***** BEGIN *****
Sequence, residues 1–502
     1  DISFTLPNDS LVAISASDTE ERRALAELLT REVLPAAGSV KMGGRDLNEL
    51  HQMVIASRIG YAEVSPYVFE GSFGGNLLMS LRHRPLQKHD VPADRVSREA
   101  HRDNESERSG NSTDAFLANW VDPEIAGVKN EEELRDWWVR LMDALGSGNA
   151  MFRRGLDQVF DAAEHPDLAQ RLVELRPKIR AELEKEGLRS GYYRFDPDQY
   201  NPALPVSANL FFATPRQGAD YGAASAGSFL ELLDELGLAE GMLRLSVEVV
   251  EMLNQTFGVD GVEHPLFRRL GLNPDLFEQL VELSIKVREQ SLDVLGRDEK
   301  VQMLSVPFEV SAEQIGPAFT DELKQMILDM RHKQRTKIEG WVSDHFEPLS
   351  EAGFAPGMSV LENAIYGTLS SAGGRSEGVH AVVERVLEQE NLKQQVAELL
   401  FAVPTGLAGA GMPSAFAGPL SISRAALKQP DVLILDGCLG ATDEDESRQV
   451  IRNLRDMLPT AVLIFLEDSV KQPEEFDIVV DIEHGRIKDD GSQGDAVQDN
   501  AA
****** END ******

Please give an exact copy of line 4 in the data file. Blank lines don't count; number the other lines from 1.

   101  HRDNESERSG NSTDAFLANW VDPEIAGVKN EEELRDWWVR LMDALGSGNA